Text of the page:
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James Crawford in the Orange County Register

Inmate says he can clear convict
Law Man demands immunity from further prosecution before testifying;
prosecutor doubts validity of his story.


Byline: JEFF COLLINS   

A prison inmate has issued sworn statements saying he has information that would exonerate a Garden Grove youth he says was wrongfully convicted of a 1999 armed robbery.

But Johnny Manuel Santacruz said he won't testify about the information unless he's granted immunity from further prosecution.

The statements filed on behalf of George Arnulfo Lopez, 19, stop short of taking responsibility for the May 17, 1999, robbery of Commercial Credit Corp. of Anaheim.

But Jim Crawford, Lopez's lawyer, believes the statements imply that Santacruz committed the crime himself.

``George Lopez is innocent and was wrongfully convicted,'' Santacruz wrote in statements filed with the 4th District Court of Appeal. ``The DA has made a big mistake.''

Lopez is serving a 13-year sentence for the robbery and a hearing on his appeal has been set for July.

He was arrested four days after the holdup, along with Chad Long, another youth who pleaded guilty in February, saying that he ``conspired with George Lopez and others to rob Commercial Credit.''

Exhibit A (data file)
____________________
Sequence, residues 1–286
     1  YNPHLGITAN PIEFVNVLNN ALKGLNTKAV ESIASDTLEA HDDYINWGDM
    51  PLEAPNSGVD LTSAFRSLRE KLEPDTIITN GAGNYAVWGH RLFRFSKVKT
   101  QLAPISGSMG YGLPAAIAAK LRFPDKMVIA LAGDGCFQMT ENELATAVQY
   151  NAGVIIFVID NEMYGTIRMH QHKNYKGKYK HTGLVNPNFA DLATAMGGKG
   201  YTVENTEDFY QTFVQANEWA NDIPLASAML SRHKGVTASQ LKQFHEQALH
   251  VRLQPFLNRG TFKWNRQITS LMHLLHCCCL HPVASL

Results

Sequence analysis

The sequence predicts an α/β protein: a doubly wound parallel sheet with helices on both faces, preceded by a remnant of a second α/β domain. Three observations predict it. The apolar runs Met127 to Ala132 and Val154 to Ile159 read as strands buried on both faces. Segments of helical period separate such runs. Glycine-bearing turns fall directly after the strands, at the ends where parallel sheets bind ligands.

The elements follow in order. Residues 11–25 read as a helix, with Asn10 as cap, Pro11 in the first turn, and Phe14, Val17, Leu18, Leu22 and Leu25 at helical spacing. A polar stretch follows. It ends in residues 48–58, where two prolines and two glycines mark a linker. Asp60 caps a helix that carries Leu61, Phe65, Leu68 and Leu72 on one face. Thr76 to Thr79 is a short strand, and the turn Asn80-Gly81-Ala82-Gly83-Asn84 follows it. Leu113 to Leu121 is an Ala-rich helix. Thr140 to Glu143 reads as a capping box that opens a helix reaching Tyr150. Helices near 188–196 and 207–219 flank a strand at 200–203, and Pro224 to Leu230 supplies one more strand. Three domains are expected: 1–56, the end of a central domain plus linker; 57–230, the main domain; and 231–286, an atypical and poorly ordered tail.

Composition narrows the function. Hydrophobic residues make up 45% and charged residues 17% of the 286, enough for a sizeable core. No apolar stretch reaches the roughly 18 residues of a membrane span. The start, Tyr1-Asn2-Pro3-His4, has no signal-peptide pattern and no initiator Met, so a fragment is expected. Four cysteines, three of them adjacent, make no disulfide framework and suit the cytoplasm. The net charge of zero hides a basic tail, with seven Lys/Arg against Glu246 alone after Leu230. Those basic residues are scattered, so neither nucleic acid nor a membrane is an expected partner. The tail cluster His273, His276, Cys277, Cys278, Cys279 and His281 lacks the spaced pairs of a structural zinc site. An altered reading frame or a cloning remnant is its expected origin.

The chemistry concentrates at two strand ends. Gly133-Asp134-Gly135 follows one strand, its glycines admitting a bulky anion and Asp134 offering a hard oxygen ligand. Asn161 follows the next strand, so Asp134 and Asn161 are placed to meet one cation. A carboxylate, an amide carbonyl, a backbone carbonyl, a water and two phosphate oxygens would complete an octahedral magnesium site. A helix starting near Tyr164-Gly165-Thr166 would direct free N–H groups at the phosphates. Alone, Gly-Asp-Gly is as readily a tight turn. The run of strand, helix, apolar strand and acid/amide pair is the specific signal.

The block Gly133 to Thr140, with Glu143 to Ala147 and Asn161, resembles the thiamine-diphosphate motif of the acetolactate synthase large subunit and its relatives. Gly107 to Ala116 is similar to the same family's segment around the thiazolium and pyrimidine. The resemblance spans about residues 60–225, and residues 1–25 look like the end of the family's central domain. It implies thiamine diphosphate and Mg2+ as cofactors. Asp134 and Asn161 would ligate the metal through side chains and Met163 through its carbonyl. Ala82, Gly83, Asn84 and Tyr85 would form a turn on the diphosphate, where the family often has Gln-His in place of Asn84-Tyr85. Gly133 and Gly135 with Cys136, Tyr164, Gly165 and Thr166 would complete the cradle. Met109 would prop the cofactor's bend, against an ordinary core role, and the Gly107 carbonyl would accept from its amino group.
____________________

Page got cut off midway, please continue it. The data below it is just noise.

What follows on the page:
Santacruz was arrested along with Lopez and Long, and the sawed-off shotgun Lopez was charged with using in the holdup was found in the car in which the three had been riding.

In his statements, Santacruz said that he possessed a sawed-off shotgun and black jacket similar to those used in the Commercial Credit holdup. Santacruz said that he used the weapon and jacket in three other robberies on May 18 and 19 of that year.

Crawford said the statements bolster a case in which two witnesses have said that Lopez was innocent and a third expressed doubts that he was the robber.
``If Johnny Santacruz pled guilty to three identical robberies... and he's coming forward saying he has information about the (Commercial Credit) robbery, I think that's significant,'' Crawford said.


But Deputy Attorney General Laura Halgren, who is fighting Lopez's appeal, argued that a convicted inmate would have nothing to lose taking credit for a crime under immunity.

``Under these circumstances, after he's pled out and gone to prison, whatever he would say would be difficult to believe,'' Halgren said.
Halgren added that one witness testified during Lopez' trial that Santacruz definitely didn't commit the Commercial Credit robbery.

Contact Collins at (714) 796-7734 or jcollins@ocregister.com


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